ADHD and the Adolescent Driver:
ADHD and the Adolescent Driver:
Driving is a dangerous undertaking for any adolescent. Automobile collisions account for 47% of all female and 37% of all male adolescent (16 to 19 years old) deaths in the United States.1 In 2002, the cost of police- reported crashes (both fatal and nonfatal) involving drivers aged 15 to 20 years was $40.8 billion.2These collisions are 4 times more likely to occur at night.3 In addition, they are twice as likely to take place on weekends4 and more likely to happen during the summer.3
While this is disturbing enough, driving becomes even more problematic for adolescents who have attention deficit hyperactivity disorder (ADHD). Teenage drivers with ADHD are 8 times more likely to lose their license, 4 times more likely to be involved in a collision, 3 times more likely to sustain a serious injury, and 2 to 4 times more likely to receive a moving vehicle violation.5,6 This is not surprising considering that the core symptoms of ADHD are inattention, impulsivity, and hyperactivity. Also, alcohol use commonly influences driving mishaps among adolescents; 24% of young drivers who died in crashes in 2002 had a blood alcohol level of 0.08% or higher.2 Given the same blood alcohol levels, persons with ADHD have been shown to be more impaired while driving than those without ADHD.7
The good news is that methylphenidate has been shown to improve the driving performance of adolescents with ADHD--both in virtual-reality driving simulators in which drivers are exposed to high-risk driving demands8 and routine on-road driving in their own vehicle.5 Ours is the only group that has published studies that compare the efficacy of different medications on driving performance in adolescents with ADHD. Preliminary study results indicate that controlled-release OROS methylphenidate taken once a day improves driving performance significantly more in the evenings than short-acting methylphenidate taken 3 times a day or long-acting mixed amphetamine salts taken once a day.8-10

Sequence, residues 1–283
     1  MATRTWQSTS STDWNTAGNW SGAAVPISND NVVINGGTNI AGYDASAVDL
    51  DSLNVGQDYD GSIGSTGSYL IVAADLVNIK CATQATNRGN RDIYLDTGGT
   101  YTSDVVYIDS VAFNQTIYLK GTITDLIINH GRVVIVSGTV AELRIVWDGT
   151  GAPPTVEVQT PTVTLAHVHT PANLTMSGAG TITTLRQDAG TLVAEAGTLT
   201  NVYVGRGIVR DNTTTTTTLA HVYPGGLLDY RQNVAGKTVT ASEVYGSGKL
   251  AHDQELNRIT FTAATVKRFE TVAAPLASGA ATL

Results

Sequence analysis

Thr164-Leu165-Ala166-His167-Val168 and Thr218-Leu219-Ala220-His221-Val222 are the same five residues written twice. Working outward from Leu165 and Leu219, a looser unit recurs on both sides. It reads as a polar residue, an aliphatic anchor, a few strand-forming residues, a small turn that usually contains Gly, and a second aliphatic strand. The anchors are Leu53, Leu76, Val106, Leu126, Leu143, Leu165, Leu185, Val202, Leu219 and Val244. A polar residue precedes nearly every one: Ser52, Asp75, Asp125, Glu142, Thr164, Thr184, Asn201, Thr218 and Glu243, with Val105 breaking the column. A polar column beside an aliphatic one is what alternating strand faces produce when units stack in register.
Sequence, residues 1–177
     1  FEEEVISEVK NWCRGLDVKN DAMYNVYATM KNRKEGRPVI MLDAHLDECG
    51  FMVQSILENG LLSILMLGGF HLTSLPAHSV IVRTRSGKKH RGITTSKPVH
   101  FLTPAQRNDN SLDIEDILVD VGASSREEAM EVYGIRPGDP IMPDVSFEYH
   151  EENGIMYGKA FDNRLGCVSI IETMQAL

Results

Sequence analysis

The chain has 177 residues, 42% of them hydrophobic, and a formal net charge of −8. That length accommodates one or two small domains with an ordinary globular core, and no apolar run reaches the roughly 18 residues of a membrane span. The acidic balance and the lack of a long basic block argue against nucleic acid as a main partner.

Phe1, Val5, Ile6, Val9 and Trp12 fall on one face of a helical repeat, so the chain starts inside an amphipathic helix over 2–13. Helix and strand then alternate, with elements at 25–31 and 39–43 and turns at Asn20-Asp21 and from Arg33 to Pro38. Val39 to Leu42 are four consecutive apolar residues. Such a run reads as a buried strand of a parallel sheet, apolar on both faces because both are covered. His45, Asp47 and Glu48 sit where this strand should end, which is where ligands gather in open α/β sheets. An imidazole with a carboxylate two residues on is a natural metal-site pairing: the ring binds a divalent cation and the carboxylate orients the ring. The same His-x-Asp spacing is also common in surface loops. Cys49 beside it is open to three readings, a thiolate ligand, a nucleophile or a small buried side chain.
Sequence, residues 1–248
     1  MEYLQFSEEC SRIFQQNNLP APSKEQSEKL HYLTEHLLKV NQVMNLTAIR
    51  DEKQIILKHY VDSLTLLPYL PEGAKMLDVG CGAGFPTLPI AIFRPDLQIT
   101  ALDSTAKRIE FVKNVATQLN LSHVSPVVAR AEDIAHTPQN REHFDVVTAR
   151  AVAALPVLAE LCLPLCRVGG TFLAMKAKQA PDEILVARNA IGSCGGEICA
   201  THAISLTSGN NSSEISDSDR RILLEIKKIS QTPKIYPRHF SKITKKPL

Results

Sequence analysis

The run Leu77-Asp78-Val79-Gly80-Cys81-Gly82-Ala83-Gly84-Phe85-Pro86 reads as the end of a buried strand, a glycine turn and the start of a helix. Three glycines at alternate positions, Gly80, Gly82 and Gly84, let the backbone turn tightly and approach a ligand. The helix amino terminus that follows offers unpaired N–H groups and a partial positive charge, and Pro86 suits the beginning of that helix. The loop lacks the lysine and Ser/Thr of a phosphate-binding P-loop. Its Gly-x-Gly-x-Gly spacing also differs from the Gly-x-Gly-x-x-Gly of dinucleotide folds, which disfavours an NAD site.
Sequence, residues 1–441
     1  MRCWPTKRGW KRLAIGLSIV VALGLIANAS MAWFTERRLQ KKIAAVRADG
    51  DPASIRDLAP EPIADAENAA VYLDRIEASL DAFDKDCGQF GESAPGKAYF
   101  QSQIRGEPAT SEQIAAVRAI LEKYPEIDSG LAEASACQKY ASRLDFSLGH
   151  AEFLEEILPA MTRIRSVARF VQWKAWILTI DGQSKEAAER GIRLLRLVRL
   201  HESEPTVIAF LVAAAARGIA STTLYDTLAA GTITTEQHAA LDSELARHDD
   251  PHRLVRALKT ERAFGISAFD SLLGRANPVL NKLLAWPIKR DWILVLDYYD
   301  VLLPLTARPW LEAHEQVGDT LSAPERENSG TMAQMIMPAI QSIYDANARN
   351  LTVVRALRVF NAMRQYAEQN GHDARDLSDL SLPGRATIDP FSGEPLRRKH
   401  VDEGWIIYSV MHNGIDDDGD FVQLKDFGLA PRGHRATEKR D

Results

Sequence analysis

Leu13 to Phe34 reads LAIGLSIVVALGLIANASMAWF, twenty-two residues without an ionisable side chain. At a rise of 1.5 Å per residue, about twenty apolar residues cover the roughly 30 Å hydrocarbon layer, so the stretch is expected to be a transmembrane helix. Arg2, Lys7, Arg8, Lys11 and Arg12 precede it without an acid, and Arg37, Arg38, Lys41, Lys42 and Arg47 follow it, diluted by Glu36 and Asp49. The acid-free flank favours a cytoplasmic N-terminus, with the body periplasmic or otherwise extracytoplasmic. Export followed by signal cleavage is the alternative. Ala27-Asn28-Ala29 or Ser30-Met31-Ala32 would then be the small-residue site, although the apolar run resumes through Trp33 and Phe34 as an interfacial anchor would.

In the only study that evaluated atomoxetine, the drug was found to improve self-reported driving ability but not simulated driving performance.11 Another pilot study suggests the arousal and attention demand of a manual transmission may enhance the attention of ADHD adolescent drivers and promote safer driving than automatic transmissions.12
Two other articles offer in-depth reviews.13,14
Initiating and Monitoring Therapy
Before considering treatment options, it might be useful to review the diagnosis of ADHD. The Diagnostic and Statistical Manual of Mental Disorders (DSM-IV) outlines diagnostic criteria for childhood ADHD.15 We have converted these criteria to be adolescent-relevant (Table 1). To qualify for a diagnosis of ADHD, a patient must have had at least 6 symptoms in the inattentive or 6 symptoms in the impulsive/hyperactive categories in at least 2 areas of their lives (eg, school, work, home) since age 6. These behaviors must occur often, not just periodically. Adolescents may qualify for the inattentive, impulsive/hyperactive, or the combined subtype. Consider stimulant medication therapy only if the adolescent meets the criteria for one of these subtypes.
Treatment should involve a long-acting stimulant medication, which may need to be supplemented with short-acting methylphenidate if the adolescent drives more than 15 hours after ingesting OROS methylphenidate. The dosage should be increased until there is no further improvement in ADHD symptoms or unacceptable adverse side effects develop.
Clinicians typically strive to optimize the dosage of medication used to manage such chronic diseases as asthma and epilepsy. However, we sometimes adjust the dosage in patients with ADHD only until beneficial effect is detected. To evaluate whether symptoms are responding to the medication, it is not enough to rely on simple global reports, such as, "things are a lot better." It is more helpful to systematically review and record the symptoms shown in Table 1 before starting any medication, and then after each increase in medication dose. It is not unusual to find that one set of symptoms improves with a lower dose and a different cluster of symptoms improves with a higher dose. The patient, parent, and/or teacher may describe especially worrisome symptoms that also need to be monitored.